Interview with the Chubby Hubby

Get the Scoop Right from Jerry of Ben & Jerry

from AZ Central

If you've ever felt guilty about eating a pint of ice cream in one sitting, let out that gut and rest easy. Jerry Greenfield feels the same way.

"Strawberry," he said recently, reminiscing upon the previous night's after-dinner snack. "I shouldn't have eaten the whole pint, but I did."

Like his customers, Greenfield found it hard to put down the spoon. The 55-year-old co-founder of Ben & Jerry's Ice Cream still eats the treat bearing his name, even after selling the company to consumer goods giant Unilever for $326-million in 2000. advertisement

The sale caused quite a commotion among Ben & Jerry's fans and stockholders. Ben & Jerry's, after all, was Vermont's little company that could, a socially and environmentally conscious scoop shop that offered such cuddly flavors as Chunky Monkey, Wavy Gravy and Cherry Garcia.

Today, Ben Cohen and Jerry Greenfield have "zero influence and zero responsibility" with the company, Greenfield says. But their names and faces grace each pint - Ben's the bearded one - and they draw a paycheck traveling the country as "goodwill ambassadors" for the brand.

He recently spoke with the Times about his business, his beliefs and the flavor he hopes Ben & Jerry's will never offer. Here are excerpts:

Obvious first question: What's your favorite flavor?

Heath Bar Crunch.

And is there a flavor that you just don't get?

You know, I don't understand the popularity of Chunky Monkey. It's banana ice cream with walnuts and chocolate chunks. I happen to think it's very good, but I'm surprised at how popular it is, because there are not many banana ice creams out there.

What's the worst idea you've gotten?

Bubble gum ice cream. I don't know that it's such a horrible idea. It's a bad idea for Ben & Jerry's, but in the right hands, it would probably be okay.

Is it weird seeing your name, Jerry, on a product that you no longer control?

It's not as weird as it used to be. In the early years, it had very much been defined by Ben and myself. But we knew we would not live forever. Someday we'd get hit by a truck or what have you. We'd try to incorporate values into the company, so that it stood for something, and it's not just about the two funny guys whose names are on it. Overall, people feel very good about the company and the ice cream, so I think I'm treated incredibly warmly and in a trusting way, which is kind of a nice way to go through life.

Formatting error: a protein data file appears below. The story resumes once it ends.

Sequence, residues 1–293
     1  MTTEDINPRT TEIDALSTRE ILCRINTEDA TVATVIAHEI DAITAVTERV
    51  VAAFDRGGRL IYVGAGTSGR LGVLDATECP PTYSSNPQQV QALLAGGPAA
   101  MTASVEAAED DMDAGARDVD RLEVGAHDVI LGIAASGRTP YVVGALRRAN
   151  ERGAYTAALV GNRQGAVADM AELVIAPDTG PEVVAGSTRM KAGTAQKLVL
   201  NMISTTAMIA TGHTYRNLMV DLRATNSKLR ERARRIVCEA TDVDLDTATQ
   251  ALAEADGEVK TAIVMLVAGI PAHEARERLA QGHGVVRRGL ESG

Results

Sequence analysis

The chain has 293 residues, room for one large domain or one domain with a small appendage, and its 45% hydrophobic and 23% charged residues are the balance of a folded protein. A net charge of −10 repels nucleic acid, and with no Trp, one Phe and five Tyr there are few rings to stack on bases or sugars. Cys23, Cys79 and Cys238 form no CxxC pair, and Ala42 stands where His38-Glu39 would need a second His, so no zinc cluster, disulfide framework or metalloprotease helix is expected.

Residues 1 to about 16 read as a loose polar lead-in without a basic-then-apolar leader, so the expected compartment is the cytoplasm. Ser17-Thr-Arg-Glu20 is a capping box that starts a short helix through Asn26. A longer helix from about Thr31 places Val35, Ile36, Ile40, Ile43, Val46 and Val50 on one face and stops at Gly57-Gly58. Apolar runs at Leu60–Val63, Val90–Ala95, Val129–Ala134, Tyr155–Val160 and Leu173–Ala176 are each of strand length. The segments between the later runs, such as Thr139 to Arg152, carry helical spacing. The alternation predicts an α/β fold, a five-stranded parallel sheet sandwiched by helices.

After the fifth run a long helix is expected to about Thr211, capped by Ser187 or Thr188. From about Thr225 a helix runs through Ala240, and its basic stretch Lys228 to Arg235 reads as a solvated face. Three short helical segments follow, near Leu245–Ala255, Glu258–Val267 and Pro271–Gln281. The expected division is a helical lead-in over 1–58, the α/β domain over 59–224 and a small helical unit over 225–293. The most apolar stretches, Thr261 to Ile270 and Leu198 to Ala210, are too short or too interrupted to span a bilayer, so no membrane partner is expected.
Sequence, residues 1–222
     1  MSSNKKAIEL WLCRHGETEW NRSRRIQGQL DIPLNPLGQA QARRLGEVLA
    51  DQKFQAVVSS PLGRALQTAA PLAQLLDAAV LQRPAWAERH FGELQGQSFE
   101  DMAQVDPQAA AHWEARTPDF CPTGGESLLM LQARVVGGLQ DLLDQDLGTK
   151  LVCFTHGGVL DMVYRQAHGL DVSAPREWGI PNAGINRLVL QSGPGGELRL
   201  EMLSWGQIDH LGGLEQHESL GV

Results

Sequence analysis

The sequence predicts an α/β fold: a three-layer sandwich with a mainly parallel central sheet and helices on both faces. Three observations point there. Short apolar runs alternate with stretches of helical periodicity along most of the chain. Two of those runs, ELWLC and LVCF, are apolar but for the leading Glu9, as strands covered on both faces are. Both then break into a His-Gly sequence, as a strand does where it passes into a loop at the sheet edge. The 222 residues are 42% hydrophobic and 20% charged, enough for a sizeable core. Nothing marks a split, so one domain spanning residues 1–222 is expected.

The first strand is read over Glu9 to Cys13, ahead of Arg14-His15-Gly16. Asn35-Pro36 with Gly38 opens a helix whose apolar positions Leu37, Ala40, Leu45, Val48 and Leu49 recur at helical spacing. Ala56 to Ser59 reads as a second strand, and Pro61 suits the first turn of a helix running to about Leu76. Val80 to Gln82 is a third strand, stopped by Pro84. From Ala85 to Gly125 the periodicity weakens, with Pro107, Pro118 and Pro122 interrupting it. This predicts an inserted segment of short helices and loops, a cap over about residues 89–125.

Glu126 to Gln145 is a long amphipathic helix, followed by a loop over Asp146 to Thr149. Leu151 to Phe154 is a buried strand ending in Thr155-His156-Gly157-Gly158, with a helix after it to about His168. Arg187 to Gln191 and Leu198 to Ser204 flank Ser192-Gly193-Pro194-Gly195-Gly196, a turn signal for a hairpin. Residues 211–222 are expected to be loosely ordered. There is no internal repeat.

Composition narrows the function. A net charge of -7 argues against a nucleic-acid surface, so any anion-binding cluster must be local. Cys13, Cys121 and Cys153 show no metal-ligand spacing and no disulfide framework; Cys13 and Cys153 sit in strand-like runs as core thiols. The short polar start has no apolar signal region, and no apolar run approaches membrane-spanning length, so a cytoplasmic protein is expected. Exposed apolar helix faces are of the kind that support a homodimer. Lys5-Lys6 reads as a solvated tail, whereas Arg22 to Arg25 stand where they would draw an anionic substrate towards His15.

How often do you eat ice cream?

Far too often.

How do you work it off?

I don't. I'm larger than I should be. I maintain the human form, but I could stand to lose a few pounds. I do try to get a decent amount of walking in.

Do you still get a reaction, even to this day, from diehard fans and customers about selling the company back in 2000?

Oh yeah. And actually, it was not something we wanted to do. We tried very hard not to do it. The company was a public company at the time, and essentially, Unilever offered so much money for it that we were not able to turn it down.

If the opportunity ever came up for you to buy the company back, or take it private, or remove it from Unilever's control, would you do that?
I'd certainly look into it. It's a little hard to imagine.

Did you ever encounter people who felt the company was preaching to them?
Sure. I think it's a very small minority of people. And even people that disagree with the company's stands on issues often will say, "Well, I really respect that a company actually stands for something and believes in something. I may not agree with it, but . . ."

Are you a hippie?

Well, I'm 55 years old. If you say hippies are people who in the '60s and '70s had idealistic values and idealistic hopes and believed in things like peace and love and supporting your neighbor, then yes.


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